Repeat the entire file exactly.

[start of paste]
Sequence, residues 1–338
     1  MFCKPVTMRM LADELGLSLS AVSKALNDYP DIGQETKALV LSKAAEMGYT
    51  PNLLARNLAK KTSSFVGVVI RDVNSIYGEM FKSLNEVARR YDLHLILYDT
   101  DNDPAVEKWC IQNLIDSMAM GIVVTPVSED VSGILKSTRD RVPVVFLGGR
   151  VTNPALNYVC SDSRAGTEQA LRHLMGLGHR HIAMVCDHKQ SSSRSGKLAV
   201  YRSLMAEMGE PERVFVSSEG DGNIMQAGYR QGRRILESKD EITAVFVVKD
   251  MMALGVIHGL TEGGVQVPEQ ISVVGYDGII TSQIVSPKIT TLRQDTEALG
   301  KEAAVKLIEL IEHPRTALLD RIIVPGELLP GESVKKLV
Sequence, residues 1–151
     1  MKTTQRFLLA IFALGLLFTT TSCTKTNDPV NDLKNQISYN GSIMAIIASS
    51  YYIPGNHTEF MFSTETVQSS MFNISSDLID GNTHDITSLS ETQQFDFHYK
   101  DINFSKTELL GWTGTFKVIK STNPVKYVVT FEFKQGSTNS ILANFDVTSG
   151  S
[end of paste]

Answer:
Sequence, residues 1–338
     1  MFCKPVTMRM LADELGLSLS AVSKALNDYP DIGQETKALV LSKAAEMGYT
    51  PNLLARNLAK KTSSFVGVVI RDVNSIYGEM FKSLNEVARR YDLHLILYDT
   101  DNDPAVEKWC IQNLIDSMAM GIVVTPVSED VSGILKSTRD RVPVVFLGGR
   151  VTNPALNYVC SDSRAGTEQA LRHLMGLGHR HIAMVCDHKQ SSSRSGKLAV
   201  YRSLMAEMGE PERVFVSSEG DGNIMQAGYR QGRRILESKD EITAVFVVKD
   251  MMALGVIHGL TEGGVQVPEQ ISVVGYDGII TSQIVSPKIT TLRQDTEALG
   301  KEAAVKLIEL IEHPRTALLD RIIVPGELLP GESVKKLV
Sequence, residues 1–151
     1  MKTTQRFLLA IFALGLLFTT TSCTKTNDPV NDLKNQISYN GSIMAIIASS
    51  YYIPGNHTEF MFSTETVQSS MFNISSDLID GNTHDITSLS ETQQFDFHYK
   101  DINFSKTELL GWTGTFKVIK STNPVKYVVT FEFKQGSTNS ILANFDVTSG
   151  S